How California and Virginia can be as different as Liechtenstein and Brunei

American life expectancy has leapt up some 30 years in the past century, and we now live roughly 79.8 years on average. That’s not terrible, but it’s not fantastic either: We rank 35th in the world as far as lifespan, nestled right between Costa Rica and Chile. But looking at life expectancy by state, it becomes clear that where you live in America, at least to some extent, determines when you’ll die.

Here, I’ve found the life expectancy for every state to the tenth of a year using the data and maps from the Measure of America, a nonprofit group that tracks human development. Then, I paired it up with the nearest country by life expectancy from the World Health Organization’s 2013 data. When there was no country with that state’s exact life expectancy, I paired it with the nearest matching country, which was always within two-tenths of a year.

There’s profound variation by state, from a low of 75 years in Mississippi to a high of 81.3 in Hawaii. Mostly, we resemble tiny, equatorial hamlets like Kuwait and Barbados. At our worst, we look more like Malaysia or Oman, and at our best, like the United Kingdom. No state approaches the life expectancies of most European countries or some Asian ones. Icelandic people can expect to live a long 83.3 years, and that’s nothing compared to the Japanese, who live well beyond 84.

Life expectancy can be causal, a factor of diet, environment, medical care, and education. But it can also be recursive: People who are chronically sick are less likely to become wealthy, and thus less likely to live in affluent areas and have access to the great doctors and Whole-Foods kale that would have helped them live longer.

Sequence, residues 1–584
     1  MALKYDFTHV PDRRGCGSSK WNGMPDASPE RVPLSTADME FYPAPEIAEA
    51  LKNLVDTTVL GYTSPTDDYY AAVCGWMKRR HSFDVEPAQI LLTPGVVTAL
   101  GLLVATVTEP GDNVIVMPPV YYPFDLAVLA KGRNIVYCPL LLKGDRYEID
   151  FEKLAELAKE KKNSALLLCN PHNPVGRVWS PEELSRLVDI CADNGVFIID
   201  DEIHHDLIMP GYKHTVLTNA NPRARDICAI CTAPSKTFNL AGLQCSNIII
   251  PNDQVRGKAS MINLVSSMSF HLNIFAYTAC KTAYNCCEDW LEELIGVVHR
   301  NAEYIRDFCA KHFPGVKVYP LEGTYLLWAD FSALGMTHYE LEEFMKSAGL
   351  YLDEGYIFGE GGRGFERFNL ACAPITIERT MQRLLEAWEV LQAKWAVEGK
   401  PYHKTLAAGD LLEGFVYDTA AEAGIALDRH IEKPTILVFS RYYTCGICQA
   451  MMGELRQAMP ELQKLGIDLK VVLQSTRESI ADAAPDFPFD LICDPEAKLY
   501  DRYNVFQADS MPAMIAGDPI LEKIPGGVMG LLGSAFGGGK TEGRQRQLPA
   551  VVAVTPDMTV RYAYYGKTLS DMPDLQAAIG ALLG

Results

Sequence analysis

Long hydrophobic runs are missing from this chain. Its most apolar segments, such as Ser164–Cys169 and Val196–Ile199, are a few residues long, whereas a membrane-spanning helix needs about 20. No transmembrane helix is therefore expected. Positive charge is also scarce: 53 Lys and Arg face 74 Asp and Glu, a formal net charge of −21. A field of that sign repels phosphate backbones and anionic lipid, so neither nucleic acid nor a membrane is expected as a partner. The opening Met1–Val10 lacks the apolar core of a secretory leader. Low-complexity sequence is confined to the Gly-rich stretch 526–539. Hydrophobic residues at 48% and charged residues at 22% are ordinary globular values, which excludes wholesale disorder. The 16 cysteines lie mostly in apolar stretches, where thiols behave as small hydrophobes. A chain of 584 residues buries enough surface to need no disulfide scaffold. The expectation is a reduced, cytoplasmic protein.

It’s worth noting that the life expectancy for certain groups within the U.S. can be much higher—or lower—than the norm. The life expectancy for African Americans is, on average, 3.8 years shorter than that of whites. Detroit has a life expectancy of just 77.6 years, but that city’s Asian Americans can expect to live 89.3 years.

But overall, the map reflects what we’d expect: People in southern states, which generally have lower incomes and higher obesity rates, tend to die sooner, and healthier, richer states tend to foster longevity.

This post originally appeared on The Atlantic.

About the Author

Most Popular

  1. Life

    The Cities Americans Want to Flee, and Where They Want to Go

    An Apartment List report reveals the cities apartment-hunters are targeting for their next move—and shows that tales of a California exodus may be overstated.

  2. photo: Dominque Walker, founder of Moms 4 Housing, n the kitchen of the vacant house in West Oakland that the group occupied to draw attention to fair housing issues.
    Equity

    A Group of Mothers, a Vacant Home, and a Win for Fair Housing

    The activist group Moms 4 Housing occupied a vacant home in Oakland to draw attention to the city’s affordability crisis. They ended up launching a movement.

  3. photo: A Lyft scooter on the streets of Oakland in July.
    Transportation

    4 Predictions for the Electric Scooter Industry

    Dockless e-scooters swept cities worldwide in 2018 and 2019. In 2020, expect the battery-powered micromobility revolution to take a new direction.

  4. photo: a pair of homes in Pittsburgh
    Equity

    The House Flippers of Pittsburgh Try a New Tactic

    As the city’s real estate market heats up, neighborhood groups say that cash investors use building code violations to encourage homeowners to sell.  

  5. photo: Toxic lead paint peels from a window frame on a rowhouse in Baltimore, Maryland.
    Environment

    The Unequal Burden of Urban Lead

    Decades after federal regulations banned the use of the deadly metal in paint, gasoline, and plumbing, the effects of lead continue to be felt across America’s cities.

×